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Book & Print in New Zealand : A Guide to Print Culture in Aotearoa


In this guide, 'publishing' encompasses the factors which influence the decision to produce a work at a particular time, and the editorial activities which are required to produce a work. Dennis McEldowney's overview of publishing in New Zealand expands the definition:

. . . how the works . . . came to be published, in books and periodicals and . . . the electronic media. . . . how patrons, mainly the State, came to assist both writers and publishers. . . . Printing, as the mechanical multiplication of copies, is but one step in the process of publishing, which selects and edits the text before it is printed and sells or otherwise distributes it after.(McEldowney, 1991, p.545)

To this definition should be added the question of financial responsibility, for the publishers' financial risk is normally a central issue which shapes all aspects of the publishing process. Printing and distribution are covered elsewhere in this guide: note, however, that there is inevitably some overlap between these sections and this chapter.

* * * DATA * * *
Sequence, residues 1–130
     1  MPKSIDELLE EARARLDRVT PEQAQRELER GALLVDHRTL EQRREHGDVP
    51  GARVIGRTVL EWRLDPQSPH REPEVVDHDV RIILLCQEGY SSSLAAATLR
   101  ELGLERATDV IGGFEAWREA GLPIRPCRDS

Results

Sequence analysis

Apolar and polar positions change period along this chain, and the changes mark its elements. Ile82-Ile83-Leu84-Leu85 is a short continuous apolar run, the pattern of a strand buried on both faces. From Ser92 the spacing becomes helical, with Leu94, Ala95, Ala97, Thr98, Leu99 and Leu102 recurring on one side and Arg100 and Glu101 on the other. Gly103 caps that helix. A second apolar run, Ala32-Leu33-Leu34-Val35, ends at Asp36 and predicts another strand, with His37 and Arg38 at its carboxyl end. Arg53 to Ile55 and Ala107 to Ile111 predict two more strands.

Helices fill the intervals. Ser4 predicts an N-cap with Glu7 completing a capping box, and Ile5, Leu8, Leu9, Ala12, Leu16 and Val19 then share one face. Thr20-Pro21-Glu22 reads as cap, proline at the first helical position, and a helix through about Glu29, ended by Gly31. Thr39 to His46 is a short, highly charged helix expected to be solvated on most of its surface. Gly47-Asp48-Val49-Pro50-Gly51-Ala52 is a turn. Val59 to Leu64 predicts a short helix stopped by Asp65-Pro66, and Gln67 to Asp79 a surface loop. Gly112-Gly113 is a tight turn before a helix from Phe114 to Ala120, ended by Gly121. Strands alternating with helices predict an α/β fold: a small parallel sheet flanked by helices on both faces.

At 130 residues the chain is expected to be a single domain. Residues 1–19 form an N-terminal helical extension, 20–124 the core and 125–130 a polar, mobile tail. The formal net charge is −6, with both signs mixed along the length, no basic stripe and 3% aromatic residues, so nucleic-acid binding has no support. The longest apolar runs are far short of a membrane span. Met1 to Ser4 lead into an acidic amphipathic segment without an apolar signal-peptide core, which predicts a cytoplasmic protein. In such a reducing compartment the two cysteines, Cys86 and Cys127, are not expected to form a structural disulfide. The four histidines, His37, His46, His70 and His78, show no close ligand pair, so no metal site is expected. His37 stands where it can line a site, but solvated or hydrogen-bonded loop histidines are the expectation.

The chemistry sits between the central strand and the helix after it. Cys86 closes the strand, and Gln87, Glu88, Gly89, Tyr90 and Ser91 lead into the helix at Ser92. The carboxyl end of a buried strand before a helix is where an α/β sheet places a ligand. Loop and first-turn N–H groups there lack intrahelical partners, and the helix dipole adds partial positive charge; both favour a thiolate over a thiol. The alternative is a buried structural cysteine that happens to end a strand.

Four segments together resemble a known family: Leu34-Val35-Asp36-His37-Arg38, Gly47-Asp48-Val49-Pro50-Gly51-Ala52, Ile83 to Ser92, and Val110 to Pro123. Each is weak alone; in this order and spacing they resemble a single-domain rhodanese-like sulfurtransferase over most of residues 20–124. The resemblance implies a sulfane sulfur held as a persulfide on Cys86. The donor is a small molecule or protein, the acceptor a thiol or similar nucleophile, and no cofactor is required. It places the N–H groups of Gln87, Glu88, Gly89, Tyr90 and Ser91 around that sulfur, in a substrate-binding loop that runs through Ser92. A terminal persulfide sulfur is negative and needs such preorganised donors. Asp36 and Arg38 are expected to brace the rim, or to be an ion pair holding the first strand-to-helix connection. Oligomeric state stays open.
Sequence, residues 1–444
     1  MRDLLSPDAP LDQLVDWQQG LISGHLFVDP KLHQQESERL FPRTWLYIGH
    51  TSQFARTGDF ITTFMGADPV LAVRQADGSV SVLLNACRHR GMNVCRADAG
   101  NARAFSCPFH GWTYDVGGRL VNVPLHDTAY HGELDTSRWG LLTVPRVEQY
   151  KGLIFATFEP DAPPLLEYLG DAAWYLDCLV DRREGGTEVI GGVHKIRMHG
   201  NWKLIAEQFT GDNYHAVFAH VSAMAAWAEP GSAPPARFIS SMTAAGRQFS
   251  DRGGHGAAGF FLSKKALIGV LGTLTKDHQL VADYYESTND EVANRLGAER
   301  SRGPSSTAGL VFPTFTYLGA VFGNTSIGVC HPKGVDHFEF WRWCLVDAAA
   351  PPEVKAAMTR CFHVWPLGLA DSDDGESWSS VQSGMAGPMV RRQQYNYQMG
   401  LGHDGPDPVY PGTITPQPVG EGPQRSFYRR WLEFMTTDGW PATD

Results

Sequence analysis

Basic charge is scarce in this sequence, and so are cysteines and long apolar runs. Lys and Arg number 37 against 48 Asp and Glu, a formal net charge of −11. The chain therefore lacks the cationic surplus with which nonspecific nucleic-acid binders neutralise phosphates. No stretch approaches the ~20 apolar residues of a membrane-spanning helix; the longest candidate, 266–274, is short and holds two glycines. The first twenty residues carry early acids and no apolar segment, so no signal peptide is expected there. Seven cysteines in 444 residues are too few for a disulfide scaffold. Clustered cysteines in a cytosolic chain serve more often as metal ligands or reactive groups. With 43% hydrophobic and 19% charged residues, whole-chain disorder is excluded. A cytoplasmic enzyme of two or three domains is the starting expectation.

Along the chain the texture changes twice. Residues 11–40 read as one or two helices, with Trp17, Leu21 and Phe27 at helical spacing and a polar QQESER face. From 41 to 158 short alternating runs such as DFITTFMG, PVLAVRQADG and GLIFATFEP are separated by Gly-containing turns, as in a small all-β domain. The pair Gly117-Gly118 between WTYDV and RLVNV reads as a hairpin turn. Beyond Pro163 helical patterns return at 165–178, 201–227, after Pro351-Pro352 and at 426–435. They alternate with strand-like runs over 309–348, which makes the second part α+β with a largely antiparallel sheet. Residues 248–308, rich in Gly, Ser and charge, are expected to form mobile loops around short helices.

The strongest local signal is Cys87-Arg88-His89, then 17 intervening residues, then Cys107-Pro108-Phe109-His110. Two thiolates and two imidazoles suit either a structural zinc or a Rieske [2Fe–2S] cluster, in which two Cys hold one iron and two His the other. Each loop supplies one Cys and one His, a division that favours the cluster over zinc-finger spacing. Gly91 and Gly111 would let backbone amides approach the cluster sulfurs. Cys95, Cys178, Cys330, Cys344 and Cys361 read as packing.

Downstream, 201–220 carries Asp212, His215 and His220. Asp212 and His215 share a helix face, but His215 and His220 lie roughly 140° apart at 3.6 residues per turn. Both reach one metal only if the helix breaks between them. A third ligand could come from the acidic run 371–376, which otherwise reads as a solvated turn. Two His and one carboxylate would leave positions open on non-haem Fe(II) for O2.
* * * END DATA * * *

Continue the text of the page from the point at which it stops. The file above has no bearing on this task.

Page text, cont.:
This guide, as the Introduction indicates, 'may be regarded as a report on the state of research' into print culture in New Zealand. Readers will quickly discern this to be the case for this chapter, especially as they note the large number of references to areas and topics for further study, and the unevenness of coverage for aspects of the publishing field.

This chapter is divided into four main sections: the process of publishing, the publishers, general and regional studies, and categories of publication.